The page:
OCC Expedites Permits for Rye Marina Dredging
Patriot’s 96-foot tugboat Ocean King.
The Ocean King with a triple tow including the crane barge, followed by the scow and the dredge, with intermediate hawsers between.
Ocean and Coastal Consultants Engineering, PC (OCC) of Trumbull, Connecticut, guided the emergency dredging of the Rye Municipal Boat Basin and a portion of the Milton Harbor Federal Navigation Project in May of this year.
The work was necessitated by extreme erosion and subsequent sediment deposition in the marina from the Blind Brook watershed during tropical storms Irene and Sandy. Rye maintains the marina for emergency services and recreational watercraft, and the sediment deposition at the mouth of Blind Brook obstructed access to the marina and kept emergency services vessels from operating for much of the tidal cycle.
Dredging contractor Patriot Marine of Winthrop, Massachusetts began the project on May 2 and finished May 31, well within the five-week window authorized by the regulatory agencies.
Because of the emergency significance of the marina, FEMA was willing to fund a portion of the emergency dredging. Permits with the states of Connecticut and New York, the U.S. Army Corps of Engineers, New England and New York Districts, and the U.S. Environmental Protection Agency Office in Region 1 and 2 were expedited by OCC and FEMA. OCC staff is familiar with dredge permitting and planning, and even developed some of the guidance on permitting procedures, which helped in expediting the permits.
Although western Long Island Sound has a time-of-year restriction on dredging, OCC was able to obtain a five-week dredging window that was sufficient to remove the material from the mouth of the primary tributary in Milton Harbor, Rye and get it to the placement site. Though these permits normally require about a year to obtain, OCC was able to obtain all authorizations in about three months through some predredging coordination between the city of Rye and the regulatory community, Michael Ludwig, senior biologist and lead regulatory specialist for OCC, said.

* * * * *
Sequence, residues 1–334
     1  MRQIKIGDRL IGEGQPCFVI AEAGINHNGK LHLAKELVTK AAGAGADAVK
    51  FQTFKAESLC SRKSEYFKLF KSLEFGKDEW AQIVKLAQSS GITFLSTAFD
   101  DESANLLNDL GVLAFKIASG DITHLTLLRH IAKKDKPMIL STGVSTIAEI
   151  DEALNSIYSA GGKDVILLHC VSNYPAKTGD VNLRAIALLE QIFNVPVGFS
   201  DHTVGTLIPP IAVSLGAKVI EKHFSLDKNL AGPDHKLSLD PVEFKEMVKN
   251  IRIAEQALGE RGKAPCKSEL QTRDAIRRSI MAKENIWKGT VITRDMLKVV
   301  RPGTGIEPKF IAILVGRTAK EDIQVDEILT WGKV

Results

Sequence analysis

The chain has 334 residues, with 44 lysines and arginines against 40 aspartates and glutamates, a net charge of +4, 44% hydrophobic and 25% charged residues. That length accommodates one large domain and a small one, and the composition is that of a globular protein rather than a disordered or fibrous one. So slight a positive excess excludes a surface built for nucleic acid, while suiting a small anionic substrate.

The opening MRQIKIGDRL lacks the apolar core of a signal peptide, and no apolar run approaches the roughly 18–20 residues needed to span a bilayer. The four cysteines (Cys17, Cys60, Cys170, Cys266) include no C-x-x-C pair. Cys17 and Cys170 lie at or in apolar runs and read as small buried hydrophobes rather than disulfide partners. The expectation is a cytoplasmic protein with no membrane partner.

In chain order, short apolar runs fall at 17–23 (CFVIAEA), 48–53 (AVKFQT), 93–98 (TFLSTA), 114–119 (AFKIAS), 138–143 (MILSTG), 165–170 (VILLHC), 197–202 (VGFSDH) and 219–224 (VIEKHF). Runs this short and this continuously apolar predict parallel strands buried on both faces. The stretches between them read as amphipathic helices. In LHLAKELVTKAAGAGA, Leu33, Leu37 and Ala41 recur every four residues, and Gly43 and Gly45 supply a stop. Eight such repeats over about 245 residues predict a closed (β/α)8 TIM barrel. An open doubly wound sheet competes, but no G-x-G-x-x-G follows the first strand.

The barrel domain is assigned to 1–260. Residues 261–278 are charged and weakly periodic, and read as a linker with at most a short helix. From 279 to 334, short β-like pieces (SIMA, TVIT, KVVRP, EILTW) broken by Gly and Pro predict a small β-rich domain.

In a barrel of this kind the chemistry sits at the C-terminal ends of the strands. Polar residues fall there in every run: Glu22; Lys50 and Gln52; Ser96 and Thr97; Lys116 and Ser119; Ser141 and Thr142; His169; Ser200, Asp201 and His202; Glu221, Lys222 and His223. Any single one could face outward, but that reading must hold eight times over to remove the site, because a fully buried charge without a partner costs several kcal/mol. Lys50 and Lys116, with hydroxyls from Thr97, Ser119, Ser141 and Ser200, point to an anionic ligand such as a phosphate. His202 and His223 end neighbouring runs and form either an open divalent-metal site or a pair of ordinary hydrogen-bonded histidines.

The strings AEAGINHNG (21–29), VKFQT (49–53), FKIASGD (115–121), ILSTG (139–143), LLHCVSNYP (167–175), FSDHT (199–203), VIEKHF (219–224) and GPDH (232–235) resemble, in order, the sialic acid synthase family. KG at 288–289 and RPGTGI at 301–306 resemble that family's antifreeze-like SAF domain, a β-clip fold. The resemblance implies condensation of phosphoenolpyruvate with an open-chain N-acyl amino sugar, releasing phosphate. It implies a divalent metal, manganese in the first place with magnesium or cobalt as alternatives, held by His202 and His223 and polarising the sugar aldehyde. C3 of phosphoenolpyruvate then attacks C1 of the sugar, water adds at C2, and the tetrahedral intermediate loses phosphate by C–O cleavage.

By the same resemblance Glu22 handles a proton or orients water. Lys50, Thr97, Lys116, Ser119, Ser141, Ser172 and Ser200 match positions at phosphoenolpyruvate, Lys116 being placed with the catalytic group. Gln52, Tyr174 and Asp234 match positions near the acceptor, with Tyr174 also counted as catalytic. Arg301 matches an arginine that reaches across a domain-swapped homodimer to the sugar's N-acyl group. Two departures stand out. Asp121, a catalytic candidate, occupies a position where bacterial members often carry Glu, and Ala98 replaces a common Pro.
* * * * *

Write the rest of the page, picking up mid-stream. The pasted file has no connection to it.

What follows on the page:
Patriot Marine used its Komatsu PC 650 excavator, Patriot 389, equipped with a 3½ -cubic-yard hydraulic clamshell bucket, to remove a combination of silt and organic debris that had washed into about 800 feet of channel. The dredge loaded into the 800-cubic-yard scow Patriot 177, which then made the 40 nautical mile round trip to the Western Long Island Sound Dredged Material Disposal Site (WLIS) off Darien, Connecticut, pushed by the 96-foot tug Ocean King.
The dredging proceeded with a crew of six – an excavator operator, an engineer, two deck hands, tugboat captain and mate.
Chip Farrell, a fourth generation marine contractor, is owner of Patriot Marine along with partner Rob Lockyer. Farrell sails as captain of the Ocean King. Farrell said that he started the company nine years ago as a pile driving operation, and gradually moved into dredging, with a sideline in pile driving. In addition to the equipment used on this project, he runs a crane barge – Patriot 387 – to handle any lifting or equipment moving necessary on projects, and two other pushboats – the Afraid Knot and the Twister.
His family’s businesses were pile driving and dock building company Farrell Enterprises; McKie Company, and Farrell Ocean Services, a tug and barge business that served Navy vessels on the U.S. East Coast.Edit Module